And, as in a traditional cottage garden, there are no big gestures, such as formal hedges or ‘single colour’ borders. Instead, there is an almost endless series of intricately designed ‘little episodes,’ not of a single colour but of related colours and tones, or involving different interestingly varied foliage-forms, all of which knit together into a colourful and intriguing patchwork. The idea, as Ian himself puts it, was to create ‘coherent layers of colour, texture and interest.’
But at the same time he has also managed to create views and vistas, despite the small enclosed space he had to deal with. The secret, he insists, is that ‘the planting must be bold!’ That means not being afraid to use sizeable plants, repeating key plants in different parts of the garden, and sometimes using smaller plants in sizeable blocks.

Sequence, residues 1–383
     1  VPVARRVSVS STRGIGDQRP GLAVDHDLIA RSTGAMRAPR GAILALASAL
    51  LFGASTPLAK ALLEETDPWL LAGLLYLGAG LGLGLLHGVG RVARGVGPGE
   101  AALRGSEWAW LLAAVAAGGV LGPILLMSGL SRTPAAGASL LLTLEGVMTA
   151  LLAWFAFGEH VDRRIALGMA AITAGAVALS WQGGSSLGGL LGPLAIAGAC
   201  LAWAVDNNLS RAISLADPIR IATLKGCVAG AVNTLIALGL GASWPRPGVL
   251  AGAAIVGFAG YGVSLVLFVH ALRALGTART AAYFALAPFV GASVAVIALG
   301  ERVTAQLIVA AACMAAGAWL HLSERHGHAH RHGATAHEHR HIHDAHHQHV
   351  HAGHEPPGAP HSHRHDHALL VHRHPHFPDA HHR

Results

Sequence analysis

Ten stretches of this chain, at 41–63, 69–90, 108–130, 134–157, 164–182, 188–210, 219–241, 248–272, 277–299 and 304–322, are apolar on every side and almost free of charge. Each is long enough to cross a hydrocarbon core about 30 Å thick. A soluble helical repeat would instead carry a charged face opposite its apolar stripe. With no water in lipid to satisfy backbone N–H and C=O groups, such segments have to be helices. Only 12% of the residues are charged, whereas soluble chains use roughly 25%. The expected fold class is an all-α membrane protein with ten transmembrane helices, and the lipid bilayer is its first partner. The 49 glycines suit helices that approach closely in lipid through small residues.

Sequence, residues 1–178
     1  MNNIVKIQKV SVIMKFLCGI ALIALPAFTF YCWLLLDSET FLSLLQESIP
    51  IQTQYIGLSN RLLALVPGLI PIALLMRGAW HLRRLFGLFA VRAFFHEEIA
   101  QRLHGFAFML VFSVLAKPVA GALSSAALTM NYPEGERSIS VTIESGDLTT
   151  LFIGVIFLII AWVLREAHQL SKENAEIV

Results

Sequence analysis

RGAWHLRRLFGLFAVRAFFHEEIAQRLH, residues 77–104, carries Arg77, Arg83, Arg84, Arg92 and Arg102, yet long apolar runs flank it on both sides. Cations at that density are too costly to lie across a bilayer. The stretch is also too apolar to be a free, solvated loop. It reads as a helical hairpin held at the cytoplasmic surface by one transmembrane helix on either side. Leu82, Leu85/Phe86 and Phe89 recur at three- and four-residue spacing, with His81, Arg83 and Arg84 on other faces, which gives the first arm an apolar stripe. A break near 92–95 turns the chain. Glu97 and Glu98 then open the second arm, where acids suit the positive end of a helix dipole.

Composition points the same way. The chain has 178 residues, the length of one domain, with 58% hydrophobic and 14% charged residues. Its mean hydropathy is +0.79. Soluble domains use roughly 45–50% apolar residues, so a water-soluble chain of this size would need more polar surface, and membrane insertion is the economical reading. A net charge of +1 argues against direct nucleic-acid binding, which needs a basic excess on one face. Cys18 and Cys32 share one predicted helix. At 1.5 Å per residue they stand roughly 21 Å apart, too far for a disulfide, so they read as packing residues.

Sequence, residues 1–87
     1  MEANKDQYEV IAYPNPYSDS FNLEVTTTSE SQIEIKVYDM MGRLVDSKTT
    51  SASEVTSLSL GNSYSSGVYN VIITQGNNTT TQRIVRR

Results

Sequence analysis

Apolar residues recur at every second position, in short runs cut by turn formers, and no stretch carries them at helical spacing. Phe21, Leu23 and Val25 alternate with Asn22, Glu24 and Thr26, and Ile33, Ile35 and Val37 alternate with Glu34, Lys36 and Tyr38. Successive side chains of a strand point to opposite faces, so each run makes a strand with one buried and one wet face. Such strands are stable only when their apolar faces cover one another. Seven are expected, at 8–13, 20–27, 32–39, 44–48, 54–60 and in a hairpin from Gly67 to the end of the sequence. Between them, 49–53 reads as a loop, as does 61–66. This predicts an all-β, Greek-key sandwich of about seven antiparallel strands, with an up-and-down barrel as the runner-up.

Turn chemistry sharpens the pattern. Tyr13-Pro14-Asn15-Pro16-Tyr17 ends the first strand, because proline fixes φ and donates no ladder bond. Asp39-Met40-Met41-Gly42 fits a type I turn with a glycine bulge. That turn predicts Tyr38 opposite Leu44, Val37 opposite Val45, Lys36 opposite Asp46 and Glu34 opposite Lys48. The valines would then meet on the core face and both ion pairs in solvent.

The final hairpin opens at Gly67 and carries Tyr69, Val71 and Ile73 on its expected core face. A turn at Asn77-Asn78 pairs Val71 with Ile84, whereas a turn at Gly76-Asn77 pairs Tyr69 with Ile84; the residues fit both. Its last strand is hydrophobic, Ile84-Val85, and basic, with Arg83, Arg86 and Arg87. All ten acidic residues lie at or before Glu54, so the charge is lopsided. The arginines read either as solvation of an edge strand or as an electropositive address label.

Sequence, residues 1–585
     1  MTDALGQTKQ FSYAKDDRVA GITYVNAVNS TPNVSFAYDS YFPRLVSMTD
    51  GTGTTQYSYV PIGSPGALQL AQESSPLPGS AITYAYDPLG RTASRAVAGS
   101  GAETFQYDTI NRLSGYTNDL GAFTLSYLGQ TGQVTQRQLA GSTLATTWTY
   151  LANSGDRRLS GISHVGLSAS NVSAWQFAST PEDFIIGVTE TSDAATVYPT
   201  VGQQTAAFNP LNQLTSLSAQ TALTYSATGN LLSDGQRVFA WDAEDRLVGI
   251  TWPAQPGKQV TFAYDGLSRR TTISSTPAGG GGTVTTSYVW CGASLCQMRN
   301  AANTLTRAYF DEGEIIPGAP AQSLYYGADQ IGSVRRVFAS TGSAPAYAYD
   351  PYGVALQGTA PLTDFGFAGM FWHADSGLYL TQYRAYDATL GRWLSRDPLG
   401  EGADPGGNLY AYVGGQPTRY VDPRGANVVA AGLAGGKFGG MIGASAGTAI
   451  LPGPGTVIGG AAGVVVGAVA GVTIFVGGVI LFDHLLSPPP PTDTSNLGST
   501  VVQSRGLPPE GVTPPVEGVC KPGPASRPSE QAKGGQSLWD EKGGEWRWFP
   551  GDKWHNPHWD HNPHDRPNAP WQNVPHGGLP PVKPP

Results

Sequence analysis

So bold grasses, such as Stipa gigantea and the variegated reed grass, Calamagrostis ‘Overdam,’ are used to tie together parts of the main central bed. That, incidentally, is given added interest by being divided in two by a ‘river-like’ gravel path, which widens mid-way to allow the planting of a new specimen of the 19th.Century, dual-purpose apple,’ James Grieve’, in homage to the elderly apple-trees surviving from the garden’s past as a traditional cottage garden.